Tuesday brought great news and very bad news involving area hockey teams. First, the good news... involving the Cedar Rapids Roughriders.

The Roughriders and Cedar Rapids City Council have reached agreement on a new 15-year lease for the Cedar Rapids Ice Arena, where the team's lease was set to expire at the end of the 2017-18 season.

According to a media release from the Roughriders, the 15-year lease includes "a built-in extension for an additional 20 years beyond that if the team invests at least one million dollars in improvements and upgrades to the arena." The new lease requires the city to replace the arena's seating, install party decks, and also add another concession stand.

In a media release from the Cedar Rapids Roughriders, team Co-President Doug Miller said,

The entire RoughRider organization is looking forward to building on all that has been accomplished in the first two decades in Cedar Rapids. We are already making plans for improvements across the board to create an even better experience for the fans, sponsors and players here in Cedar Rapids.

We would like to thank everyone involved in forging this agreement. We feel it is a positive for all involved, especially the fans, and gives us the foundation to be part of Cedar Rapids until 2032 and beyond!

The Roughriders have been in Cedar Rapids since the 1999-2000 season, having moved from Mason City.

To the east, hockey fans have a very different feeling today. After 23 years in Moline, Illinois, the Quad City Mallards will cease operations after the current season.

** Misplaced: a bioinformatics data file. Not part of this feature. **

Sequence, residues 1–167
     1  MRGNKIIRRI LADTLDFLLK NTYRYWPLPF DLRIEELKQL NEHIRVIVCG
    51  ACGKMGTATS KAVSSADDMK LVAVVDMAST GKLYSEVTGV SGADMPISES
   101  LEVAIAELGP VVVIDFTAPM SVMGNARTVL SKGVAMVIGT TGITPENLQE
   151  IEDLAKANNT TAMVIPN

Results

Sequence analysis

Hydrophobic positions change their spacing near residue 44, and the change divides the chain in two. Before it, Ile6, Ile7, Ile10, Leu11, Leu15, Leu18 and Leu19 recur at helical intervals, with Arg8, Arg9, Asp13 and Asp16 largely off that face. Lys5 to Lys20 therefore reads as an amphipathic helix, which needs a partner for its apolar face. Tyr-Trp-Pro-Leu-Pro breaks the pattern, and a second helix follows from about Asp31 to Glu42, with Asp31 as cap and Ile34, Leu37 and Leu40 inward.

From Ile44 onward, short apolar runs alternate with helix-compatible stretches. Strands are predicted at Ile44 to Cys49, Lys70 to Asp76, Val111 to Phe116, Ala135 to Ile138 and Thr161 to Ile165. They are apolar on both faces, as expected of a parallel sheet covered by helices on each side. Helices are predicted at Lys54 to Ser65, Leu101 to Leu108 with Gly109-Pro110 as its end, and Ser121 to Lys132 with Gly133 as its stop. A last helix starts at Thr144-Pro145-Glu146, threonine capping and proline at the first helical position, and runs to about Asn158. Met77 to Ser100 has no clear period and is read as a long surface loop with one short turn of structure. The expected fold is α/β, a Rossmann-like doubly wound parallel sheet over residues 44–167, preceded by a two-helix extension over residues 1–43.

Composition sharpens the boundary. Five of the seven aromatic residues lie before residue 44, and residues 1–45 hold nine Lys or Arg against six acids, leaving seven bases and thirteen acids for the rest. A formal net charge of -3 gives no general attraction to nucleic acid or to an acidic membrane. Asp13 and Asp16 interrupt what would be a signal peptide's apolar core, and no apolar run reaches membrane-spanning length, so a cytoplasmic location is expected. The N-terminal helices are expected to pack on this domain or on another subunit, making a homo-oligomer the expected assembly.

Mallards owner Jordan Melville told the Quad City Times,

I love the sport, I love everything about it but at some point, the passion for me has been lost. Not because of the market, not because of the team, not because of the league, just because of the way life worked out.

 

The health of Melville's good friend Darryl Porter, who was also heavily involved with the team, had a major impact on his decision. Porter, a pancreatic cancer survivor, has had a reoccurrence. Melville said it was the 'final thing.'

When we realized Darryl was no longer going to be able to help us at all. It was a business decision on a lot of levels ... but the emotional toll really made us ask ourselves if it was something we had the heart to continue.

We had to make that decision, the right decision for us, and for our business was to say we tried our best and don't feel like we can continue.

The Mallards are for sale, but Melville has never had an offer during his six years of ownership. He says he'll have to pay the ECHL $250,000 to void a 3-year extension he signed with the league three months ago.